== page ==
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3. Jurassic World: Fallen Kingdom (2018)

The complaint about this year’s ‘Fallen Kingdom’ taking itself too seriously is not completely wrong either. In the process of floating away from the unabashedly commercial nature of the first film, it is torn somewhere in the middle. On the bright side though, it toys around with some brilliant ideas about the relationship between humans and animals, and frequently plays along blurring the very fine line of what distinguishes them from us; the scenes between Pratt’s Owen Grady and Blue, the velociraptor from ‘Jurassic World’ are especially laden with a lot of pathos.

The scene of the volcano explosion somewhere midway along the movie, while lasting for a few minutes, also always had me at the edge of my seat. The film, thereby, has a lot more scenes that are a victory on the technical and effects front, but not many on the story front of it. There will be several moments in the fifth instalment of the franchise when you wonder how many more films would it take for the humans of this franchise to stop messing around with something they can’t seem to fully understand and control either! However, while pondering over the question, if you care to indulge yourself with a drink and some popcorn in front of an IMAX screen, I can guarantee that those will be two hours well spent, and that, again, is essentially what keeps this franchise going, if you come to think of it.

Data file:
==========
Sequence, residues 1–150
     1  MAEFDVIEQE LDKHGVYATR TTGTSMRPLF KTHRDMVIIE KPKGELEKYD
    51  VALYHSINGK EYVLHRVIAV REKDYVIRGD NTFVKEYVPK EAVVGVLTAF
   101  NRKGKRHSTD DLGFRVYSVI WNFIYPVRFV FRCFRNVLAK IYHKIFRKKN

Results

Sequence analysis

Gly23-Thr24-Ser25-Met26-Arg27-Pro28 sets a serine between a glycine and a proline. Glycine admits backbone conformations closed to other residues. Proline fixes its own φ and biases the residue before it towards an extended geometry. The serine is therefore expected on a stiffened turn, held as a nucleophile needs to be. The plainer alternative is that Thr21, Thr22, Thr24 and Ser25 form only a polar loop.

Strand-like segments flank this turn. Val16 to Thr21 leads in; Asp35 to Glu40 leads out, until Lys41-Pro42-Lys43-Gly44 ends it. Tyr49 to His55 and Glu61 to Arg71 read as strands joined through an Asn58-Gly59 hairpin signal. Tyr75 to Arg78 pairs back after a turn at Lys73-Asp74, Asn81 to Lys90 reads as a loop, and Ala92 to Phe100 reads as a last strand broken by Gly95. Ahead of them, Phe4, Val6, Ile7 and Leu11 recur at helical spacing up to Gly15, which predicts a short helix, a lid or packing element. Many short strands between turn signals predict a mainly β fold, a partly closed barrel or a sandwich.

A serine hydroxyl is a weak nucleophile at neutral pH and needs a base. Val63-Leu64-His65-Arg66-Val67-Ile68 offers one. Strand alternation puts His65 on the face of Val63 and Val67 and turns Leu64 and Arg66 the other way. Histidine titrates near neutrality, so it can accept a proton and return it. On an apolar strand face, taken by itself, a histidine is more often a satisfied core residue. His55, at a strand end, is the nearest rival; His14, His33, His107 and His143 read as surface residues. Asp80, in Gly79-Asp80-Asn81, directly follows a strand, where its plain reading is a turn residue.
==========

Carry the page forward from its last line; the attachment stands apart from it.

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2. Jurassic Park: Lost World (1997)

In a lot of ways, I believe this film has been subjected to a lot of harsh judgment solely on account of being the sequel to a highly original blockbuster. Even though it was directed by Spielberg himself, and had all the trappings of what made the first a success, this could not have possibly beaten the status of reverence that the original had acquired and cemented in the four years between the release of the two films, even if it would have been hypothetically the best film ever made. Overstatement, but I hope I am getting the point across.